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Jim Levack reviews the latest edition of Beesotted’s Pride of West London Podcast, which features Brentford’s Premier League Directors of Football, Rasmus Ankersen and Phil Giles, on what proved to be a very enlightening and thoroughly enjoyable event that was held on Wednesday evening in The Globe’s beer garden, Brentford.

Three years ago I told the football crowd in my office that Brentford would be in the Premier League inside five seasons. They laughed.

There was grudging respect for the club’s consistent progress from colleagues, most of them Villa or Coventry. But my dream was always dismissed as fantasy.

They’re not laughing now.

To anyone outside our club and fanbase, the ‘Brentford story’ and the forensic way we have gone about our task quietly and under the radar, was a mystery.

It still is to a degree. And that will be a major weapon in the next chapter of our journey, which will see us challenging for a top six spot within the next five years. There I’ve said it.

If you know about the Brentford model, you know. Pundits like Don Goodman and Andy Hinchcliffe might reel off pre-prepared ‘Brentford Bingo’ commentary notes, but they don’t really ‘get it’.

They are unaware of the values that underpin the club, the pillars of togetherness and attitude, the ‘no dickheads’ policy, the very ethos of the model that makes Brentford unique and allows B Team players to fit seamlessly into the first team.

Directors of Football Phil Giles and Rasmus Ankersen popping in for a drink and a Q&A session with Beesotted suggest that grounded approach isn’t going to change any time soon.

But now is where the real challenge begins. The next, and arguably hardest, step to take this ‘bus stop in Hounslow’ to the next level while retaining its friendly, family feel. That will be the toughest test of all.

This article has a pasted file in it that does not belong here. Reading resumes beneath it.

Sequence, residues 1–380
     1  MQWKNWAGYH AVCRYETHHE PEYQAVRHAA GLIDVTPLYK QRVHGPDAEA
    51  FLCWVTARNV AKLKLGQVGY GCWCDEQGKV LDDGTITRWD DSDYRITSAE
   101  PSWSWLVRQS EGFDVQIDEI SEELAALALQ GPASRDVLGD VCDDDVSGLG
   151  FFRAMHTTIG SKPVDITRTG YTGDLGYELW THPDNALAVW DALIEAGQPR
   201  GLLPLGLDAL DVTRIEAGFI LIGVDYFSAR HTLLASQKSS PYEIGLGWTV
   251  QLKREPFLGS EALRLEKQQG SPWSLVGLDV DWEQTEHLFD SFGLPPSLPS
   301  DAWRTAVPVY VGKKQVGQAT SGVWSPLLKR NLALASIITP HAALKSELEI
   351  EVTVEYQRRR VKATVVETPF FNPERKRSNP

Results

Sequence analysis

If you haven’t listened to Phil, Rasmus – and Phil’s mum – then make sure you do. It gives a fascinating insight into the people who have played a pivotal role in getting us to where we are now.

Like the non-believers in my office, seven years ago when talk of a ‘stats-led model’ was first announced, I was one of the sceptics.

Unlike some, my cynicism was never aired publicly, but I was of the school that number crunching is all very well but utterly ineffective if the player concerned wasn’t the right fit as a human being.

Since then, more detail has emerged around the values and no dickheads policy – the foundations if you like – along with a humility that fate too can play its part in the perfect signing.

Where things didn’t work as they might have, the DoFs admitted they learned from it, held their hands up and got it right next time. Every mistake made them, and the model, stronger.

I blame my initial scepticism on the fact that I’m a glass half full journalist and the fact that the new concept being meticulously rolled out by Messrs Giles, Ankersen and Benham wasn’t explained quite as well as it could have been to all. A PR dilemma I guess. Say too much and you tip people off. Say too little and the naysayers thrive.

It’s a lot clearer now, and the proof of the pudding is definitely in the tasting… and the Premier League is a mouth-watering dish.

I have to say I could listen to Phil Giles gentle Geordie lilt all day. He’s a hugely intelligent bloke with a wonderful dry sense of humour. Our club is clearly in very safe hands.

I’m also a lot clearer about Rasmus Ankersen’s ying to the former Toon season ticket holder’s yang following this live podcast and his fans forum appearances over the past few years.

He has a caustic wit, as anyone listening to his comments about future player links with the “soft touch” negotiators at Midtjylland will testify.

The crowd at The Globe cheered every time ‘Premier League’ was mentioned and yes, now’s the time for us to revel in the ‘warm afterglow’ of promotion and upcoming fixture list.

But as the weeks go by, England’s defence fails them in the Euros once again and the big kick off draws near, we will need to shake off our plucky Brentford tag, abandon thoughts of being grateful to be there, ditch any inferiority complex we might have, and think bigger… whilst staying humble.

We are there on merit. We will be playing Man City and United, Spurs, Chelsea but we can’t afford to play their names or illustrious history. On each game day it will be 11 against 11 and we will be the unknown quantity.

Dave Lane, a bloke who I’ve shared many downs and ups and fought common foes with through the years, summed it up perfectly in the podcast intro.

“We’re not here to make up the numbers . We’re Brentford and we’re here to stay.”

 Give Part One a listen here

Jim Levack